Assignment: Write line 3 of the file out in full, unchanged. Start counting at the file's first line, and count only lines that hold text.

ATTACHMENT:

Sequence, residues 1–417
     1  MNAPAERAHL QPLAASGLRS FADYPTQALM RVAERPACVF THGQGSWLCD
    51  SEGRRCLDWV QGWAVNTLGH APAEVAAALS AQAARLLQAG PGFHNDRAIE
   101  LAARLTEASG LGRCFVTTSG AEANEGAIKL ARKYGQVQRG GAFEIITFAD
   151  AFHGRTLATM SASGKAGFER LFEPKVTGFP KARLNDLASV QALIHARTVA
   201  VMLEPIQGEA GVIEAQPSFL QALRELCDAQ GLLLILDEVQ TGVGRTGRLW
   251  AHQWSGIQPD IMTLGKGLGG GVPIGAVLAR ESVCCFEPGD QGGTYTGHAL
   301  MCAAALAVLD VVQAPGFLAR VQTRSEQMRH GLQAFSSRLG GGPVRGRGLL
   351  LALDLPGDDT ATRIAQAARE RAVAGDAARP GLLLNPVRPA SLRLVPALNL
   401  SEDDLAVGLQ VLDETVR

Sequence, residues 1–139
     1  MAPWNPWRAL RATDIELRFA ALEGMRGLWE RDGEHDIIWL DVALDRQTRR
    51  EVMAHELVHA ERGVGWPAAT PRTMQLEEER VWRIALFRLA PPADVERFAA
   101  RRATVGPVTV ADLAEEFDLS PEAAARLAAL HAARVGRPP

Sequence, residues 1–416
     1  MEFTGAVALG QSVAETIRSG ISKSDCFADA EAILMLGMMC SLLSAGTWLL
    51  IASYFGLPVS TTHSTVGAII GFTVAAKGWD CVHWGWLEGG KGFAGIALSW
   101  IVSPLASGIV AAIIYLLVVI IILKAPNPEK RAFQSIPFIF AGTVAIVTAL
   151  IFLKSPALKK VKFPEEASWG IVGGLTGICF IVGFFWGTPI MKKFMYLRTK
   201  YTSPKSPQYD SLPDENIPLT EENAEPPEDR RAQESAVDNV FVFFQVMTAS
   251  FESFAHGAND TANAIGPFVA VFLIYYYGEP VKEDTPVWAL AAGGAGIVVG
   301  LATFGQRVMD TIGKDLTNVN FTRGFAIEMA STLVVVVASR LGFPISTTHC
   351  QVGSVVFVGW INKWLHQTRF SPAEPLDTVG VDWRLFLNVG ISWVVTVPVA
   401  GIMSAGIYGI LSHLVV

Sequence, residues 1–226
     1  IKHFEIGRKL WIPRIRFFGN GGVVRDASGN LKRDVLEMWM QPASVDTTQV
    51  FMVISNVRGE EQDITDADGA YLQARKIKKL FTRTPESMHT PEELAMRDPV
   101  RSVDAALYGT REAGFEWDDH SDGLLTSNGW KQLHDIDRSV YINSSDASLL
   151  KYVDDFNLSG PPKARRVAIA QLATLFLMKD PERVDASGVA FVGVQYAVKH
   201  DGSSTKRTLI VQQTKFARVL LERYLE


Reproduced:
    51  SEGRRCLDWV QGWAVNTLGH APAEVAAALS AQAARLLQAG PGFHNDRAIE